How to Cook Rice Noodles in the Electric Pressure Cooker

I have to admit something to you all… I have a serious problem with ordering takeout right now.

Vertical image of a bowl of rice vermicelli in front of a kitchen appliance on a checkered towel, with text on the top and bottom of the image.

When the time comes to make dinner, there’s something in my brain that completely shuts down. It’s like I’ve used up all of my intelligence for the day, and my brain is officially done.

Is anyone else struggling with this lately?

Maybe it’s just the time of year, or it has something to do with my mood. But I think the idea of cooking dinner every single day has started to become a bit old.

After months and months of cooking day after day, I’ve kind of lost the love for it, and have reverted to my old college ways of ordering out whenever I get the chance.

Of course, this doesn’t serve my wallet well… So now I am in a tight spot, caught between needing to keep to a budget on the one hand, and a lack of desire to make meals every night for dinner on the other.

I need to figure something out to get out of this funk!

Vertical image of a bowl of vermicelli on a checkered towel in front of a large kitchen appliance.

This is where making rice noodles in the pressure cooker has come into play for me and my husband. We both love the noodle dishes our local Asian restaurant makes. They have so many options and flavor combinations, from spicy to sesame, and lo mein to pad thai.

We have learned to make them all with rice noodles prepared at home, and cooking these starchy delights in the electric pressure cooker is definitely the way to go. The end result is absolute perfection every single time, and it comes together so quickly.

This has become the best takeout-fakeout option for us. Not only are we learning to make new dishes at home, but we’re able to get the starchy base ready with minimal effort, and we’re saving money as well.

Here’s everything I’ll cover in this article:

Serving Suggestions

What’s on the menu? Maybe I can help! Try these suggestions:

Vertical top-down image of a bowl of lo mein with peppers and broccoli next to chopsticks.

First, I adore making chili garlic noodles with these.

Essentially, I just add a couple cloves of minced garlic, as much chili garlic sauce as I can handle (about 1 tablespoon for me, or 1 to 2 teaspoons for “normal” people), and some scallions. It’s the best quick meal, especially in the middle of the day.

Another quick idea that’s similar to this that I really like are these 15-minute sesame noodles.

You could also skip the takeout and make your lo mein at home, like we’ve been doing. This beef lo mein with bell peppers is insanely simple to prepare. Swap the beef for chicken, pork, or tofu if you desire.

Whip up a batch of pad thai, like this shrimp pad thai with tamarind and peanuts, or this veggie-packed pad thai with seared tofu.

Ever had a cold noodle salad? It’s a revelation. I like to replace soba with the rice variety, and it tastes amazing. Try this recipe for soba noodle salad with ginger soy vinaigrette.

Change things up and enjoy these with your favorite curry on top instead of serving it over a grain like brown rice.

Add these to a quick pho or another Asian-style soup with notes of ginger and garlic, and a thin broth.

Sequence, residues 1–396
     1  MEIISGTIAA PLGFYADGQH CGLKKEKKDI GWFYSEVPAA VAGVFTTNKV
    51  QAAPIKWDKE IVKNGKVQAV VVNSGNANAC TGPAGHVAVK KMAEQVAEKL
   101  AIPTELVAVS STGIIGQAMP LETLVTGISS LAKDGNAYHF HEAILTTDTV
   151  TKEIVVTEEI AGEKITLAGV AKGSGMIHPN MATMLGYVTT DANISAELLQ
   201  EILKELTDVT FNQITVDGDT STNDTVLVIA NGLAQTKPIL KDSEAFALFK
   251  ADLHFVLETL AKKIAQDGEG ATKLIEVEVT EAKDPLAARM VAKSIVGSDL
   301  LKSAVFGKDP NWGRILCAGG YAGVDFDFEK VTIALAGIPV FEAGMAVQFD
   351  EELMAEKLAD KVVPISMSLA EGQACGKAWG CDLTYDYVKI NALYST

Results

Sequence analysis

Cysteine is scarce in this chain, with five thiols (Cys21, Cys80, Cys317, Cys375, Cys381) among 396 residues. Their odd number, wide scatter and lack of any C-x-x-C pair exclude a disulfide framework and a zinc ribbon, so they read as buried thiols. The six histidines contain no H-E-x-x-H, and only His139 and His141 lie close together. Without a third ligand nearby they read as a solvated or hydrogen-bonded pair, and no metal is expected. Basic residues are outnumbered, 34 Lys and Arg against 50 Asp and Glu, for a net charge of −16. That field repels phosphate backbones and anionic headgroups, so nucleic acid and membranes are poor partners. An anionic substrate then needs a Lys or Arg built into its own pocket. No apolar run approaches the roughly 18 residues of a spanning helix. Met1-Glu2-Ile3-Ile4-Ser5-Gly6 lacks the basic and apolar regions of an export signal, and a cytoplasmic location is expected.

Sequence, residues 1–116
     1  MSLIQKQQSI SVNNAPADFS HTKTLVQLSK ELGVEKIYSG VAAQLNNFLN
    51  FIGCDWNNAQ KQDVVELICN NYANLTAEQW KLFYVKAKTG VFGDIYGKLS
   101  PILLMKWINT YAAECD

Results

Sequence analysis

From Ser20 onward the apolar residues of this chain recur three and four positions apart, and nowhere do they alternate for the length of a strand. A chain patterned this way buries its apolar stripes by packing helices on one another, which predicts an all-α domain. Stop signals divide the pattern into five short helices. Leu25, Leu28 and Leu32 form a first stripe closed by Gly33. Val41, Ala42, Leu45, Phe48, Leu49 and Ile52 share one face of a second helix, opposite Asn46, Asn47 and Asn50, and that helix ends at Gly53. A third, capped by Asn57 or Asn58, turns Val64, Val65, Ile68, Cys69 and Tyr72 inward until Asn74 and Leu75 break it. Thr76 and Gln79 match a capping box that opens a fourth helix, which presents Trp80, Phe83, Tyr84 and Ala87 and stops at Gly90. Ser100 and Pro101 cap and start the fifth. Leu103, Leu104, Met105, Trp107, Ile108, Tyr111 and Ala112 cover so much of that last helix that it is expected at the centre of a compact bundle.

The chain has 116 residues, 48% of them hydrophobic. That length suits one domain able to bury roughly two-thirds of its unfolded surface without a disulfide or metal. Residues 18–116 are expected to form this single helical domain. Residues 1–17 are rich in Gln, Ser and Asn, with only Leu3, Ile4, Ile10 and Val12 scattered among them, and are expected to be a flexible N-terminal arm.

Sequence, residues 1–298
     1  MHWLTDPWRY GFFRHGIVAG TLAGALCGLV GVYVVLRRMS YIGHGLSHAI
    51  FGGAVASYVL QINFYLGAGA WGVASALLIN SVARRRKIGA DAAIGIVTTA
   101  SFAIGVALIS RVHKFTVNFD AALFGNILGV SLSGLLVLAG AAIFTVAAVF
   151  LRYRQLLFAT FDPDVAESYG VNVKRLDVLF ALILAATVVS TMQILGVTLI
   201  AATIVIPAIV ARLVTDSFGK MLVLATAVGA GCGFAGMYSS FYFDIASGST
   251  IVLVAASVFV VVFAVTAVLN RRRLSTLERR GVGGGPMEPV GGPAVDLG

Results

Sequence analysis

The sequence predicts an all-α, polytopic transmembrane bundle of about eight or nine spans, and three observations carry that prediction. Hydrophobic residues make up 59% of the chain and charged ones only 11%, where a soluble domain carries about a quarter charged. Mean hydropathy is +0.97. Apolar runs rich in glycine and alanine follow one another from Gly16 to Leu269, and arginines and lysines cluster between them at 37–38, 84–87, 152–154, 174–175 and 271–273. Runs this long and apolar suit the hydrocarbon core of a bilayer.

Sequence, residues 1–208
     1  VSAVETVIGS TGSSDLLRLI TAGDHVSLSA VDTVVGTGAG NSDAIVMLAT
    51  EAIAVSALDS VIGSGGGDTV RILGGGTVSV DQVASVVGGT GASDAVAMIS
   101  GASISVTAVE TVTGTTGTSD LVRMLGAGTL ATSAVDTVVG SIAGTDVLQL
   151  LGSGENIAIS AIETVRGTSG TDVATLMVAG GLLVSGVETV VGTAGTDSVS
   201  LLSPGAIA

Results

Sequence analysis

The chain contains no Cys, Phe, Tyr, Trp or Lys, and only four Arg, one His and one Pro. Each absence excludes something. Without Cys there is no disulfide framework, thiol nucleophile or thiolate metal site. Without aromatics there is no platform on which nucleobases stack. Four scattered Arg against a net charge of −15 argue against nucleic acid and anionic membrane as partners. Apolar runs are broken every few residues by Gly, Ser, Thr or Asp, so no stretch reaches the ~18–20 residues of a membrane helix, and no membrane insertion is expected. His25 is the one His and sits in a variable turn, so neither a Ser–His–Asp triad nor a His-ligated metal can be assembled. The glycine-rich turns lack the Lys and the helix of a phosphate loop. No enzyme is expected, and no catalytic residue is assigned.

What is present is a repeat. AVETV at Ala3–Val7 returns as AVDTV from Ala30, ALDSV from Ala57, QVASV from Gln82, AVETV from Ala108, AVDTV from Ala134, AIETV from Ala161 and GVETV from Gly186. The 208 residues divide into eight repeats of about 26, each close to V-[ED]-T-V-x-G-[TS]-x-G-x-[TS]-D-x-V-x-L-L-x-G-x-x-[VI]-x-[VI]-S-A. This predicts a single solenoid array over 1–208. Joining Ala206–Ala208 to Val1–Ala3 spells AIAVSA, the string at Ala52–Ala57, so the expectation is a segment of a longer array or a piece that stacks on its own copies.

This should be plenty of suggestions to get you started!

How to Cook Rice Noodles in the Electric Pressure Cooker

Bowls, salads, curries, soups, and takeout made at home are just a few of the recipes screaming for the addition of these easy-to-make rice noodles.

Step 1 – Measure Ingredients

To begin, gather your ingredients and measure them out. You will need:

  • 8 ounces rice noodles (regular or brown rice)
  • 1 1/2 to 2 cups water, chicken, or vegetable stock
  • 1 tablespoon olive oil (or peanut oil)

Determining how much liquid to use depends on whether you want the finished product to be sticky or not.

Horizontal image of a bowl of oil, a bowl of broth, and a bowl of dried pasta.

For stickier noodles, use 2 cups of water or your choice of liquid. For something less sticky – better for adding to dishes like lo mein or pad thai – use 1 1/2 cups of water.

When using stock, I like to use a low-sodium option. This gives me more freedom to adjust the sodium content of a finished dish myself.

Step 2 – Pressure Cook

Place all of the ingredients in the electric pressure cooker. Set to Manual and cook on High pressure for 3 minutes.

Horizontal image of pasta in a pot.

Manually release the steam as soon as the time is up.

Remove the lid. Stir well, and use as desired.

Do You Like Yours to Be More or Less Sticky?

For some, sticky noodles are a must. Others prefer that they aren’t so stuck together. In my opinion, it all depends on the dish you are making.

Horizontal image of a bowl of noodles on a checkered towel next to a kitchen appliance.

When it comes to lo mein, pad thai, or cold salads, I prefer them to be less sticky because they are easier to incorporate into the recipe. However, the stickier option is what I gravitate to when I’m making chili garlic or sesame noodles, or using them in soups.

Tell us in the comments below what your favorite recipe is to use rice noodles in. And for more types of delish carbs to cook in the electric pressure cooker, check out these how-to guides next:

Photos by Meghan Yager, © Ask the Experts, LLC. ALL RIGHTS RESERVED. See our TOS for more details.

About Meghan Yager

Meghan Yager is a food addict turned food and travel writer with a love for creating uncomplicated, gourmet recipes and devouring anything the world serves up. As the author of the food and travel blog Cake 'n Knife, Meghan focuses on unique foodie experiences from around the world to right at home in your own kitchen.

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